Unpleasantville

She agrees that there seems to be more illness in Hayden than seems normal. "Every time you turn around and someone has some form of cancer," she says, "it's a worry in everyone's mind." Both Hinojos' mother and her aunt died of the disease.

She also says there are nights when the air is thick with smog from the plant and you can taste something like chemicals in the back of your throat. "It's not often, but it does happen," she says.

Despite that, she's not planning on suing.
Hinojos was forced to move away from Winkelman after the flood in 1993. She lived in relocation housing in San Manuel. "I hated it," she says. "I chose to come back."

Hinojos says this is her home, and she's going to live with whatever comes of her choice. "I think we all live in a place where there's some kind of contamination. We all chose to live here. The company is here. We made that decision. They chose to take a stand and file a lawsuit. I choose to live here. It's my home. Whatever comes, comes."

There is one rebuttal the people of Hayden have to any arguments about their fight against the company: the town's cemetery, six acres and 1,500 plots large.

This is where they have buried their relatives and friends, their parents and children. Teresa Olmos buried her stillborn son here. Betty Amparano buried her mother and father, the grandparents of Jill.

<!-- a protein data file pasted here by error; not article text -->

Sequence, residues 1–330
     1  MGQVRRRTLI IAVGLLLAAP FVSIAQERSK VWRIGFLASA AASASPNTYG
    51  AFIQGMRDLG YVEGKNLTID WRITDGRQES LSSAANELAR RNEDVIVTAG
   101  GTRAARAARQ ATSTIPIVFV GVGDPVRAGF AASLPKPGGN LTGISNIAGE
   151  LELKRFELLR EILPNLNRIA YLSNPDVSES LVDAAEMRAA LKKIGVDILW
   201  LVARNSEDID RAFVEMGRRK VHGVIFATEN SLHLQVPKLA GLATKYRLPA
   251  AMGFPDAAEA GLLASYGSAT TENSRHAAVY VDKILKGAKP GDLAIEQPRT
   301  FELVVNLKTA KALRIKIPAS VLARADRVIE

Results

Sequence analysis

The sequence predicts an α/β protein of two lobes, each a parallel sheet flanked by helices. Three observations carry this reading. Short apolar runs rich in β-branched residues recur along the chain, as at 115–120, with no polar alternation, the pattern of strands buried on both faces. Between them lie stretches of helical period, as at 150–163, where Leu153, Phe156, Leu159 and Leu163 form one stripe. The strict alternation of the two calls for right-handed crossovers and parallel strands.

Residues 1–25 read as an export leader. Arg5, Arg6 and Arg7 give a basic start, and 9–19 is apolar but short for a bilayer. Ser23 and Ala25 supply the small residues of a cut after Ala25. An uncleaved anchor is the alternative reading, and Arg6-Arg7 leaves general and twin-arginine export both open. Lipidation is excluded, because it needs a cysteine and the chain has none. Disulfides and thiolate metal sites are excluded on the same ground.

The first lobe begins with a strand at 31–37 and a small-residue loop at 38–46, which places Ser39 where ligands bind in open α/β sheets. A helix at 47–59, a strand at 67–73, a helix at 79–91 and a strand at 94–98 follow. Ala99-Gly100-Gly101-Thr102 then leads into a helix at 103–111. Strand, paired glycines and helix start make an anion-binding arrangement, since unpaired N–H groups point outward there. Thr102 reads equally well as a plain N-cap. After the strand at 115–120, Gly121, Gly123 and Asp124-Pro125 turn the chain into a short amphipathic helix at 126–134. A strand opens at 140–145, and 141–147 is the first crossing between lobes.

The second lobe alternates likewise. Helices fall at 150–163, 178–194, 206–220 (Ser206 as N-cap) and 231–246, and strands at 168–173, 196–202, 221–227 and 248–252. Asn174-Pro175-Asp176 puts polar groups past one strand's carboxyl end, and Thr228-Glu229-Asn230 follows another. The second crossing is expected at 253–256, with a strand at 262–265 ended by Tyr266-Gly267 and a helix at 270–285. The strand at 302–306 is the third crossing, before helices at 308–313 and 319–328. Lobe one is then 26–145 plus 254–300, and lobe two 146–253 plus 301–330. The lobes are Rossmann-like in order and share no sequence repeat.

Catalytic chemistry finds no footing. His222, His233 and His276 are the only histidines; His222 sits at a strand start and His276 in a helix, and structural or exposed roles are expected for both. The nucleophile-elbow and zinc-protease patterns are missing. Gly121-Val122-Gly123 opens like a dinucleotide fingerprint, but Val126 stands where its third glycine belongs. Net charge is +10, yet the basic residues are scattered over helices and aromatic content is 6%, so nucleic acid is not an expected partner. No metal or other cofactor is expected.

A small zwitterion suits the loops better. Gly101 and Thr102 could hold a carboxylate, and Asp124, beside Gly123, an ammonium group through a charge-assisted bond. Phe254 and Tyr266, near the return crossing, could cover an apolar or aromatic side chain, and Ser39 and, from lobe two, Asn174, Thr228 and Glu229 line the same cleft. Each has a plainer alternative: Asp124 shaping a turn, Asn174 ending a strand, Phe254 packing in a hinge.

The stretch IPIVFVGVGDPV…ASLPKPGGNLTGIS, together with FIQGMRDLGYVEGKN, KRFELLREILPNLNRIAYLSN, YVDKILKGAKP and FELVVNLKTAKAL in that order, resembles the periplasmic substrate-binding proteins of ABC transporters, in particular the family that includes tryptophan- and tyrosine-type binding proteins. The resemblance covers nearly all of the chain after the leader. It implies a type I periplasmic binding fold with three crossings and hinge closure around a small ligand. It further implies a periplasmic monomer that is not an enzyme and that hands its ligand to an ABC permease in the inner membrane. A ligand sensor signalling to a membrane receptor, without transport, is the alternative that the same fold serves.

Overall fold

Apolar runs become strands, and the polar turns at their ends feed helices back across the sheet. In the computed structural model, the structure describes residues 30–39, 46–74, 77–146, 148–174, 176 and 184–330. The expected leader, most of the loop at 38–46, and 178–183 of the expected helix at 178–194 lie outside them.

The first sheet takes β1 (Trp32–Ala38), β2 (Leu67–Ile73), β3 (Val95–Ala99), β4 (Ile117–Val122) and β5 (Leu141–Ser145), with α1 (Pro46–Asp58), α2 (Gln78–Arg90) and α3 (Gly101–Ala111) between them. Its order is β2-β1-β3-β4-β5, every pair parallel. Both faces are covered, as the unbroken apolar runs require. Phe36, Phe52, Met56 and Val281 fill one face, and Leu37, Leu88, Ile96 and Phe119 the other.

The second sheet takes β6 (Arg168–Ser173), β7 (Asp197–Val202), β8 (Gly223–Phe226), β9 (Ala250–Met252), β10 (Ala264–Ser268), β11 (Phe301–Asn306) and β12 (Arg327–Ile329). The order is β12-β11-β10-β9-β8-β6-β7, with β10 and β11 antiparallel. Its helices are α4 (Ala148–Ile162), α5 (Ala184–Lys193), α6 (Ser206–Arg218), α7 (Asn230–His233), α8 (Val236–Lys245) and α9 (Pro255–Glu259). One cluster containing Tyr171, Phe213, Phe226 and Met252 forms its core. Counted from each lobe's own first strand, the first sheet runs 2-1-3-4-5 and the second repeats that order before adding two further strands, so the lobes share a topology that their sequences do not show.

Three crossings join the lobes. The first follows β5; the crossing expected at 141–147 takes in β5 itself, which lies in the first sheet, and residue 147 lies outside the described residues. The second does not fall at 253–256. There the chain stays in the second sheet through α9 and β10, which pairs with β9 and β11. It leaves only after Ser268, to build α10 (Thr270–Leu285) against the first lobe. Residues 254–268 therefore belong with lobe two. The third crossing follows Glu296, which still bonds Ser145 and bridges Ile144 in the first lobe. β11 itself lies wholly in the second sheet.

They say the cemetery is just too big for a town as small as Hayden, and too many people end up there too soon.

"I see people just waste away," Olmos says. "They never get away from it. They live here and work here and die here. . . . What good does it do to have economic development when people end up leaving in caskets?"

There have been other rumblings about lawsuits in the past, but people around here seem to know a different kind of storm is brewing.

"If they win, I'll be happy for them," Annie Hinojos says. "But it's going to be a long road. ASARCO is a big company. . . . I think it [the lawsuit] is going to divide the family and be around for a long time."

Contact Chris Farnsworth at 229-8430 or his online address: cfarnsworth@newtimes.com

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